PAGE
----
Burke LE, Ma J, Azar KM, Bennett GG, Peterson ED, Zheng Y, et al. Current science on consumer use of mobile health for cardiovascular disease prevention: a scientific statement from the American Heart Association. Circulation. 2015;132:1157–213. doi: 10.1161/CIR.0000000000000232. A recent comprehensive review of all RCTs on mobile health technology for modifiable cardiovascular risk factors.CrossRefPubMedGoogle Scholar
  11. 11.
    Fjeldsoe BS, Marshall AL, Miller YD. Behavior change interventions delivered by mobile telephone short-message service. Am J Prev Med. 2009;36:165–73. doi: 10.1016/j.amepre.2008.09.040.CrossRefPubMedGoogle Scholar
  12. 12.
    Bastawrous A, Armstrong MJ. Mobile health use in low- and high-income countries: an overview of the peer-reviewed literature. J R Soc Med. 2013;106:130–42. doi: 10.1177/0141076812472620.CrossRefPubMedPubMedCentralGoogle Scholar
  13. 13.•
    Siopis G, Chey T, Allman-Farinelli M. A systematic review and meta-analysis of interventions for weight management using text messaging. J Hum Nutr Diet. 2015;28 Suppl 2:1–15. doi: 10.1111/jhn.12207. A recent meta-analysis on text messaging in weight loss.CrossRefPubMedGoogle Scholar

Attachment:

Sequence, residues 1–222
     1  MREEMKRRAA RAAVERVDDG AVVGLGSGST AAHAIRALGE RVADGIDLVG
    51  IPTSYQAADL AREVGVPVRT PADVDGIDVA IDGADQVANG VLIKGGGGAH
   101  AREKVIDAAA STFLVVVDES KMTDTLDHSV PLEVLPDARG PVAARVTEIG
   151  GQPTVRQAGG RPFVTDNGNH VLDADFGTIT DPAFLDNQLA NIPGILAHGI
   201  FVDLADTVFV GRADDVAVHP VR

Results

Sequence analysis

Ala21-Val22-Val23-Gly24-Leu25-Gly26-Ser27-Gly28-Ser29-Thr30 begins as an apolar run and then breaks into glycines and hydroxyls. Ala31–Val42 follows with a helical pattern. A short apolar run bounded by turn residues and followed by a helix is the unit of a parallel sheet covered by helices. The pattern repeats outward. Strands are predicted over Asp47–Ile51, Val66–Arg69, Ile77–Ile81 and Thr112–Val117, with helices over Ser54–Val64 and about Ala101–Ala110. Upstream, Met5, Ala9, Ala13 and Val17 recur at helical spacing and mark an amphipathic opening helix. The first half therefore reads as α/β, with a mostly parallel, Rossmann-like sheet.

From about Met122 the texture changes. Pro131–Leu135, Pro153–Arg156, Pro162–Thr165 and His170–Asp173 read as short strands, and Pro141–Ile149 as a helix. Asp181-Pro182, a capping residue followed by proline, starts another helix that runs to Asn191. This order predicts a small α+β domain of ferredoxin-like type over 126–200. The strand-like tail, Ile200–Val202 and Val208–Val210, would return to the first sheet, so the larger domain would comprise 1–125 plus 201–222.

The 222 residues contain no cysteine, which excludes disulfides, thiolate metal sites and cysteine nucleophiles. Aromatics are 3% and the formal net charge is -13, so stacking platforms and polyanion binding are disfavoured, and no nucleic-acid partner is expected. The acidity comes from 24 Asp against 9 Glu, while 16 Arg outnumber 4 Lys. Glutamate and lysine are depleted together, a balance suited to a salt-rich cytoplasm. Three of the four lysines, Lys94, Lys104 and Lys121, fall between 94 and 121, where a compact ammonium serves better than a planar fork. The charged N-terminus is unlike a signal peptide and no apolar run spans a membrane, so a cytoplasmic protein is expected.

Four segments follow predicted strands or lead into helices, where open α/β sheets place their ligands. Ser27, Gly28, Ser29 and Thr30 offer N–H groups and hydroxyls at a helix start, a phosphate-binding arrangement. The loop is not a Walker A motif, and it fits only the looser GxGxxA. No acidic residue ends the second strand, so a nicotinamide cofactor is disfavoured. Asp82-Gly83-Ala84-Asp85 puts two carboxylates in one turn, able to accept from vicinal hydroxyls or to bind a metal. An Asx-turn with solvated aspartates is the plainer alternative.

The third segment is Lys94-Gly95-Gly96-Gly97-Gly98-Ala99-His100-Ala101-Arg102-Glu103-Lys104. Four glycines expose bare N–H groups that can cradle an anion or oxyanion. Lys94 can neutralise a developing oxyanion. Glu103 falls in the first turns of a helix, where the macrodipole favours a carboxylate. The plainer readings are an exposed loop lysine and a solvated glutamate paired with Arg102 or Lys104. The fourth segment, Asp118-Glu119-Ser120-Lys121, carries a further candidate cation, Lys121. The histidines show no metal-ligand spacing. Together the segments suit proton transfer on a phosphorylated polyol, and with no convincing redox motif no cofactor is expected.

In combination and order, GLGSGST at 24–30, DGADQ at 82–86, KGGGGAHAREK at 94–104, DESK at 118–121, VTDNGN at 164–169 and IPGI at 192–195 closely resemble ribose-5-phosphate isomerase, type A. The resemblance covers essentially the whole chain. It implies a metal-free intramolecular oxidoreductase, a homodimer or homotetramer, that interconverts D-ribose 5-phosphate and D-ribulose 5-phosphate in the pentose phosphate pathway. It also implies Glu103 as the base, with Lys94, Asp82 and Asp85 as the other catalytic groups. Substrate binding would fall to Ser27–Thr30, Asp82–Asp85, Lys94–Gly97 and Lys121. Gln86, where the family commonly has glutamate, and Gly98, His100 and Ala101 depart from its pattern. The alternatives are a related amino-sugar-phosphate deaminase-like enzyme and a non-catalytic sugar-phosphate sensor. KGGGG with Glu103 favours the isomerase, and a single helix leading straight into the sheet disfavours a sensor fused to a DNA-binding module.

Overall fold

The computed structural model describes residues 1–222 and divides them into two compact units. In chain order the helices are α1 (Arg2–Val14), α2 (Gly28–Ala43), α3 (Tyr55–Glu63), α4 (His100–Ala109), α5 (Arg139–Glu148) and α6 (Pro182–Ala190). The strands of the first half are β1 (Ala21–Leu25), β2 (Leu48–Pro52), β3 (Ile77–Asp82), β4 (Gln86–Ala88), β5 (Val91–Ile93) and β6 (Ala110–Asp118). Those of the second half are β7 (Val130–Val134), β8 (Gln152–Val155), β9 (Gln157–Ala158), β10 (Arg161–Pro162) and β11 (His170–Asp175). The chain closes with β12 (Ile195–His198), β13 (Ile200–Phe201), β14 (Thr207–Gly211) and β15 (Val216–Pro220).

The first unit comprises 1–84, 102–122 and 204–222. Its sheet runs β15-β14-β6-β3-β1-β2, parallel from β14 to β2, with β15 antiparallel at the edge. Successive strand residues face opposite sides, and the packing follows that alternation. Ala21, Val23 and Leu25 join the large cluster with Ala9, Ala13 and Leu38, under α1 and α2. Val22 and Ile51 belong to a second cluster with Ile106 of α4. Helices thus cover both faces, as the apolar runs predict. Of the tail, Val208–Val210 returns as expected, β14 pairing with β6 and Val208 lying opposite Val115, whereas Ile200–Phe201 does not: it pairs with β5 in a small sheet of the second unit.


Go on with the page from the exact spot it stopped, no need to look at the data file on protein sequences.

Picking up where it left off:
14. 14.
    Pew Research Center. Older adults and technology use. 2014. Accessed 20th Aug 2016.
  15. 15.
    Seidell JC, Halberstadt J. The global burden of obesity and the challenges of prevention. Ann Nutr Metab. 2015;66 Suppl 2:7–12. doi: 10.1159/000375143.CrossRefPubMedGoogle Scholar
  16. 16.
    Lajunen HR, Keski-Rahkonen A, Pulkkinen L, Rose RJ, Rissanen A, Kaprio J. Are computer and cell phone use associated with body mass index and overweight? A population study among twin adolescents. BMC Public Health. 2007;7:24. doi: 10.1186/1471-2458-7-24.CrossRefPubMedPubMedCentralGoogle Scholar
  17. 17.
    Haapala I, Barengo NC, Biggs S, Surakka L, Manninen P. Weight loss by mobile phone: a 1-year effectiveness study. Public Health Nutr. 2009;12:2382–91. doi: 10.1017/S1368980009005230.CrossRefPubMedGoogle Scholar
  18. 18.